This piece of land is not isolated from modern trappings. Major roadways now ring it, in addition to the growing stable of buildings. A few days ago, as I drove home from an errand, an odor poured into my automobile. I knew what had transpired before I saw any visual evidence. The skunk had been hit by a car and lay in the middle of the road.
This animal was not my pet. I did not encounter it enough to sense a personality or even any individual characteristics, yet I couldn’t help but feel some sort of personal loss. After all, this skunk was a living being. One moment it had been alive, and now it was gone.
The incident forced me to consider my viewpoint on all the entities that live on our planet. Humans have developed a hierarchy of things that matter, things that matter a little less, things that barely matter, and things that don’t matter at all. Cats, dogs, and other personal pets occupy pedestals at the same level or just below those of fellow humans. Most people enjoy birds or larger critters, such as deer or moose. Other beings we consider pests, but have some admirers. On the bottom rung, we have placed entities such as mosquitos and ticks, those things that exist seemingly just to spread disease and discomfort.
Many people love to see a deer in the woods or from their car as they drive by a field. But when that deer is dead on the road, we often move by without pondering the life. Skunks belong to a class most people don’t really admire. Yet, like the opossum, these animals serve vital roles in ecosystems, eating insects we like even less. A dead skunk, however, rarely rises to the level of a dead pet.
Here I was, though, realizing I would miss this skunk on my runs. I started to think about the life this animal led. It’s impossible to contemplate or rue all the beings that die on Earth. The system is so large that it would overrun our lives to consider them all. This ability to overlook death as it happens all around is likely an evolutionary adaptation. A being might not survive if that being is constantly worried about all the other beings that have recently perished. Yet is this skunk’s life worth less than my cat’s life? Is the life of the tick and the mosquito – things I consider the banes of my outdoor experience – truly as worthless as I hold in my philosophy?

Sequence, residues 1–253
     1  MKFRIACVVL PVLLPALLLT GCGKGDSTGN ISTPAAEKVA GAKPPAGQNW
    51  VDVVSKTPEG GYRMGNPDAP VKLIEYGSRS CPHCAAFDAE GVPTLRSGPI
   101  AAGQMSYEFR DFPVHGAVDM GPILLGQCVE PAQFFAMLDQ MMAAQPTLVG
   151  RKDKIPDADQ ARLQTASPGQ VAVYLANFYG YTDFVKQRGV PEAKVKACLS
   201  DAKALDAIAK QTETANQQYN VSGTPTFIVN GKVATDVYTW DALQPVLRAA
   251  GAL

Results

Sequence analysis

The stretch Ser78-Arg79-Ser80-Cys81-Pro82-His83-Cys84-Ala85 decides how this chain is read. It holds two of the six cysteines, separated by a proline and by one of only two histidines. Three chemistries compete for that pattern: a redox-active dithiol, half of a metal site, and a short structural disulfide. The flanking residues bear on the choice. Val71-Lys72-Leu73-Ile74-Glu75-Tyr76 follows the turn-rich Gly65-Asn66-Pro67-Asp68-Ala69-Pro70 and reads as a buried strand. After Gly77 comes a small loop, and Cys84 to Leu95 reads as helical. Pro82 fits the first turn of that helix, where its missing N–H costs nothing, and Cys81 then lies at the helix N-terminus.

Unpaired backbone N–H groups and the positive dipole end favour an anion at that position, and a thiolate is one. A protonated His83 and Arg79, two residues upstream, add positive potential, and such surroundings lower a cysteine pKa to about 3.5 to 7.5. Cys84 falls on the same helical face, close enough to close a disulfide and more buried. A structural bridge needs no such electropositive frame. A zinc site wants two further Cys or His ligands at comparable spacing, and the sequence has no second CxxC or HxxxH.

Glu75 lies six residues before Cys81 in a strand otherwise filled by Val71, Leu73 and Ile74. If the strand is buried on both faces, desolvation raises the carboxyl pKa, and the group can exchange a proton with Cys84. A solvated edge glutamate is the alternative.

I suspect the answer is no, which causes me quite a bit of cognitive dissonance. I comfort myself by saying the question is too large for one person to crack. Perhaps that statement is true. Does the abundance of life on this planet mean each being is disposable, just a cog in the food chain?
My current bout of suffering – the broken toe – slowly improves. I think about the pain I experience and the sorriness I allowed myself to feel about it. In the process of this contemplation, I witnessed a life extinguished from the tapestry of my surroundings. If I had never encountered this skunk, I would not have thought a moment about its body on the road. Likely, one day, I’ll struggle to recall ever intersecting with this critter. I don’t like these ideas. I wish the suffering of running would endow me with the wisdom to unlock these types of questions.
Instead, I pound a sore toe, step after step, chasing the notion that one day it will pay off. As I look for new skunks in the nighttime grass, I’m thankful I crossed paths with this one, even briefly. I suppose this means the suffering of my running already has paid off.